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Before Choosing Edtech Products, Ask Yourself These Three Questions

We have to make sure the technology isn’t just about bells and whistles, but rather that it truly enhances our students’ learning.

Remember that the technology might be the thing that pumped you up, but it isn't the technology alone that will revolutionize the way your students learn. The role of the teacher is more important than ever. We have to make sure the technology isn’t just about bells and whistles, but rather that it truly enhances our students’ learning.

We have to make sure the technology isn’t just about bells and whistles, but rather that it truly enhances our students’ learning.

Don’t put off the planning. Here’s how to take your edtech enthusiasm and turn it into real results for your students. These are the questions I ask myself as I plan learning experiences for my students that include technology, and note: the order of these questions is key.

Question 1: Why do I want my students to learn X?

Note that the first question is not, "What do I want my students to learn?" I know the answer to that already. I have a curriculum. So, this first question forces me to think about why I have a passion for my specialty--and in my case, history.

My absolute passion is history. For example, recently my students studied the Reconstruction Era of American history, which is the time period just after the Civil War ended when the nation attempted to rebuild the South. During this time, there were important reforms for African Americans, especially former slaves.

Why do I want my student to learn about this era? It isn't merely because it is a part of the curriculum or because it is next in the list of units after the Civil War. I want my students to learn about the Reconstruction because it was a time that held great promise for the cause of equality for African Americans, but failed. I want them to understand what the reforms of the era should have done, but didn't.

My hope is that my students will learn that great change takes time and perseverance, and that successful reformers do not give up even in the face of incessant resistance. They can carry this lesson forward and become effective change agents for causes they are passionate about.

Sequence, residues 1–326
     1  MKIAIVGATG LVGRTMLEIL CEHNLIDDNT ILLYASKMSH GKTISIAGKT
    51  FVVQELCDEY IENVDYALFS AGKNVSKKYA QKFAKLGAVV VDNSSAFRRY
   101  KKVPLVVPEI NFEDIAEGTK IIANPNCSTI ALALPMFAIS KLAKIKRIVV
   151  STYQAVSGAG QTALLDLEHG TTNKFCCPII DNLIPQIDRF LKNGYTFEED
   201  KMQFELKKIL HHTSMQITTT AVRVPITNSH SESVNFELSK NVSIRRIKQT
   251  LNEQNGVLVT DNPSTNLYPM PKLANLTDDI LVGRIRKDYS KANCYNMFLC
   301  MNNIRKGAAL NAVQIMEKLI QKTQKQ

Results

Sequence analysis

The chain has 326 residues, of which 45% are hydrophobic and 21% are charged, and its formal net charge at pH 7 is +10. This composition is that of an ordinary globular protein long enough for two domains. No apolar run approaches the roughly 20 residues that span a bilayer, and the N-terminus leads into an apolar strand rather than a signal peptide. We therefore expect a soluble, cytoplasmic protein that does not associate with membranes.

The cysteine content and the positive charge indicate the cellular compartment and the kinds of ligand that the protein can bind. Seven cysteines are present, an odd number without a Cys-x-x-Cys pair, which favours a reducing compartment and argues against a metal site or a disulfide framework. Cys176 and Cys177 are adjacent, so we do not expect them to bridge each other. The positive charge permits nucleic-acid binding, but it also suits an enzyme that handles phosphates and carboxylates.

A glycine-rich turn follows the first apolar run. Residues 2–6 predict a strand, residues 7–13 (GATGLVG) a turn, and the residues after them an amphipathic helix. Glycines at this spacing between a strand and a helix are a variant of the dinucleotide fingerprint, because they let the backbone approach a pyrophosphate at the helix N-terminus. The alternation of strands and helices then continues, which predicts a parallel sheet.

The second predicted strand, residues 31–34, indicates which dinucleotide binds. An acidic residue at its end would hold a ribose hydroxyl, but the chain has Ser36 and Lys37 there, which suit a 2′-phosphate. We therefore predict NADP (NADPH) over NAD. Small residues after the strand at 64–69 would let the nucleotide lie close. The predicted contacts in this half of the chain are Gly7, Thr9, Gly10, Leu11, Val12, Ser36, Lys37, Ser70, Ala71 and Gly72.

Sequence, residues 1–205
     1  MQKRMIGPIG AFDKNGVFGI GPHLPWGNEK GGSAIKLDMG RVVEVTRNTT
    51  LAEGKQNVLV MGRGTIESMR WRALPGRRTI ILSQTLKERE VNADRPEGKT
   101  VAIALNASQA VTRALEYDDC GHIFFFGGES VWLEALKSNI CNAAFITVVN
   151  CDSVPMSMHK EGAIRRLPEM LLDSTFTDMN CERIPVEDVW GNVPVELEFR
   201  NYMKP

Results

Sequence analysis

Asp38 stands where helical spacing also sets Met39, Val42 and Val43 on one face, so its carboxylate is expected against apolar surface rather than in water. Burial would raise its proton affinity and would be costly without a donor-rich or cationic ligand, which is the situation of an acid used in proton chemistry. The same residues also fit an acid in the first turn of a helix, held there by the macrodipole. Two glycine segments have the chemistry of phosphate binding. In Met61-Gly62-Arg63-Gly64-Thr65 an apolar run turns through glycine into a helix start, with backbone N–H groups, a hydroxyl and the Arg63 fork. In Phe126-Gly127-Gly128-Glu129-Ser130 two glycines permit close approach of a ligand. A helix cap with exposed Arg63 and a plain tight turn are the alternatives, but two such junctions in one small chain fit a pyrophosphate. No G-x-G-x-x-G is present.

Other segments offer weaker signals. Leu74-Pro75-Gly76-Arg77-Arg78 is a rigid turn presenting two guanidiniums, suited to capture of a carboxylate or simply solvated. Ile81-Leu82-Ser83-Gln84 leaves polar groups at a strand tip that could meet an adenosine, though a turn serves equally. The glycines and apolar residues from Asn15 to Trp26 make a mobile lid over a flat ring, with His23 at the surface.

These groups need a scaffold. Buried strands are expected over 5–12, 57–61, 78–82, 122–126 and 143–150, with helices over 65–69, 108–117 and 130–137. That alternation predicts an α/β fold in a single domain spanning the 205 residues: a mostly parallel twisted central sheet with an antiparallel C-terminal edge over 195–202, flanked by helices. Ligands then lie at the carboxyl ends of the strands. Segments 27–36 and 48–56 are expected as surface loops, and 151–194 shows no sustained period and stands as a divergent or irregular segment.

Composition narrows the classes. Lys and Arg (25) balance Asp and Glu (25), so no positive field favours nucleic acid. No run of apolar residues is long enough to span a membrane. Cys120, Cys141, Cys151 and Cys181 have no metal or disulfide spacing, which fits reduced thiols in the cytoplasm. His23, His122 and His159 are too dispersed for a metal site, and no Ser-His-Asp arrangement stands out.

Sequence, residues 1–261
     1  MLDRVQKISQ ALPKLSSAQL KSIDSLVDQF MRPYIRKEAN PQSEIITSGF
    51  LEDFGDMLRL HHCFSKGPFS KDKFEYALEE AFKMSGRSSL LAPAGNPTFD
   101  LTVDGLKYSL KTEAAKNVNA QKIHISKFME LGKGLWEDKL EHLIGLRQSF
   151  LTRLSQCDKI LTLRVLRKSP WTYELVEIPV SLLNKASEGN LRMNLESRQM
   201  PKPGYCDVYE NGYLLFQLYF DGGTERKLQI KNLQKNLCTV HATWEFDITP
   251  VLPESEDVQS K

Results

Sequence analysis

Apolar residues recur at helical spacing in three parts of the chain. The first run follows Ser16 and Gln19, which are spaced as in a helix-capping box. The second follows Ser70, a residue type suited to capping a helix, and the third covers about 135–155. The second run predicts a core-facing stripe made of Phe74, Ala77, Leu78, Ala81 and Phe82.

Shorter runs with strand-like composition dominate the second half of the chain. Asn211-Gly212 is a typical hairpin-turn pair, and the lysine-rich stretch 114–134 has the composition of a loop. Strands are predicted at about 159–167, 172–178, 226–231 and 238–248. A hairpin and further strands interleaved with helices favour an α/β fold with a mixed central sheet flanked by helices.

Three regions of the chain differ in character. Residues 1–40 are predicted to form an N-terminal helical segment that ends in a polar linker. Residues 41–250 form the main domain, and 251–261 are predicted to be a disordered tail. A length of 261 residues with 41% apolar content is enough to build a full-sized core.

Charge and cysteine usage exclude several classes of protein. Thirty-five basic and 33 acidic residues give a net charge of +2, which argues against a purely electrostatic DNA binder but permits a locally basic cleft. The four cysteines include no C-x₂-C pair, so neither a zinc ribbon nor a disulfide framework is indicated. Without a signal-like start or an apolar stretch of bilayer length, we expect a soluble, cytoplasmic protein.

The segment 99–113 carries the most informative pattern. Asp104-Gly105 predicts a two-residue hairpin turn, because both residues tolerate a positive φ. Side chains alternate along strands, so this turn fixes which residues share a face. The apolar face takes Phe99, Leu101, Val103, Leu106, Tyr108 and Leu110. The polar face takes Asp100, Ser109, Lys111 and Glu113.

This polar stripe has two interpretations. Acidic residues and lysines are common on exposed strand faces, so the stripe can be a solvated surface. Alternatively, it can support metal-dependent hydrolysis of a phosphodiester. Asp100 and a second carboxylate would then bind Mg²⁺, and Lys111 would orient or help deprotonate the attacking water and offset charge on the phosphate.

Therefore, this was their essential question:

What is reform? Is it a process or an event? How can we ensure reform will succeed?

Notice the key terms of this particular time in history are not mentioned in the question. Reconstruction; the 13th, 14th, and 15th Amendments; Freedmen's Bureau; Ku Klux Klan; and sharecropping are not even referenced. For me, it isn't about memorizing terms, dates, or people. I want my students learn from events of the past so they can create a better society. Figure out how to trigger this passion in your students.

Question 2: How do I want my students to experience learning X?

If students are going to digest the importance of this lesson and apply it to their own lives, they have to go through a learning process that makes it relevant to them in a tangible way. Sure, they will learn by reading, practicing, sharing, discussing--but they need to do all of these things because it is what professionals do when learning a new idea. Remember, school is not preparation for real life. School is real life for our children. Let's acknowledge that at engage them in tasks that truly matter. Sometimes, technology helps with this.